I was banging my head against a simple elixir test this morning. It's a test that's been in my code for months and that never worked for some reason. This is a boiled down example:
defmodule RaiseTest do
def testraise do
raise "This is an error"
defmodule RaiseTestTest do
test "assert_raise works" do
assert_raise(RuntimeError, RaiseTest.testraise )
1) test assert_raise works (RaiseTestTest)
** (RuntimeError) This is an error
(raise_test) lib/raise_test.ex:4: RaiseTest.testraise/0
Finished in 0.03 seconds (0.03s on load, 0.00s on tests)
1 tests, 1 failures
My error was finally pointed out to me this morning on the elixir list and opened my eyes to a consistent flaw in my thinking about elixir. The fix of course is to actually provide a function to assert_raise, what I was actually providing was an expression that could return anything.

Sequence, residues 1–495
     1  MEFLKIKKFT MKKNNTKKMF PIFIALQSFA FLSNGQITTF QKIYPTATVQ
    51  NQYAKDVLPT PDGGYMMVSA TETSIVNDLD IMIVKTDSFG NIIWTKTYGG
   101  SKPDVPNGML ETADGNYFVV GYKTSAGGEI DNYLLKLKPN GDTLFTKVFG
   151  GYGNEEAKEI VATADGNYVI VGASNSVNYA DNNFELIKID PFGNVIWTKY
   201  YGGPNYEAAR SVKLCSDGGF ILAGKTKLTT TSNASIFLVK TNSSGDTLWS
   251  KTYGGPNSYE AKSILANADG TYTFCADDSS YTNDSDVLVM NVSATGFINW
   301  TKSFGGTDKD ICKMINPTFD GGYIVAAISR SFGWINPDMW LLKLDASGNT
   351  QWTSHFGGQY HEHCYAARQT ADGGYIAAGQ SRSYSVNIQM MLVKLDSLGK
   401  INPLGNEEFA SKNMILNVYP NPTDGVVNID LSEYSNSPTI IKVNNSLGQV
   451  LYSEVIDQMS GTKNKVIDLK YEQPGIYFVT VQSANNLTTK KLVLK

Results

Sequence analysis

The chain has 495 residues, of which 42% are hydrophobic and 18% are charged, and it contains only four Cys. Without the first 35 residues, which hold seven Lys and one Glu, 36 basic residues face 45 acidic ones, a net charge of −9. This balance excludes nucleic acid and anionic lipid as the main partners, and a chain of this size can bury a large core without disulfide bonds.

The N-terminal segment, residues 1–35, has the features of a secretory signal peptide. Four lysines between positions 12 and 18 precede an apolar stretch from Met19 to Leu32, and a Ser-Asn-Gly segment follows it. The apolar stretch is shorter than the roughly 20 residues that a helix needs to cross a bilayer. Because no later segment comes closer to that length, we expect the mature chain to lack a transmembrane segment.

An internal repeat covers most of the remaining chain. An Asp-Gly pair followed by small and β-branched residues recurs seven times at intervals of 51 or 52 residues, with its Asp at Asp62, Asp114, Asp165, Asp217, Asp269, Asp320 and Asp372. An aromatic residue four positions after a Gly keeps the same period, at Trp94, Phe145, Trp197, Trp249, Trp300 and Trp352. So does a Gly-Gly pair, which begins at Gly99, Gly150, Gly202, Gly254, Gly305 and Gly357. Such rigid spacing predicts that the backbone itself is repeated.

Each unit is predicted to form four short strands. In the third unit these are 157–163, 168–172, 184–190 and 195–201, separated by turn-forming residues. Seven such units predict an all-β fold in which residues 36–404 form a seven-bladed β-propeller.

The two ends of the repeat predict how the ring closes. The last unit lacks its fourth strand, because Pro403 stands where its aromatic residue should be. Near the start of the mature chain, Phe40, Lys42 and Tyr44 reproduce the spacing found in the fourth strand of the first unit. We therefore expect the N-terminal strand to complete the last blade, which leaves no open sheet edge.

test "assert_raise works" do assert_raise(RuntimeError, fn -> RaiseTest.testraise end ) end
The key misunderstanding in my head was that function when used in the elixir context actually maps to what I think of as a function reference from my years of C programming. Module functions return expressions which can be anything. The test failed because it was calling TestRaisetest to see if it returned a function it could use in the test. When an elixir function requires a "function" as an argument, it really means a closure that can be executed.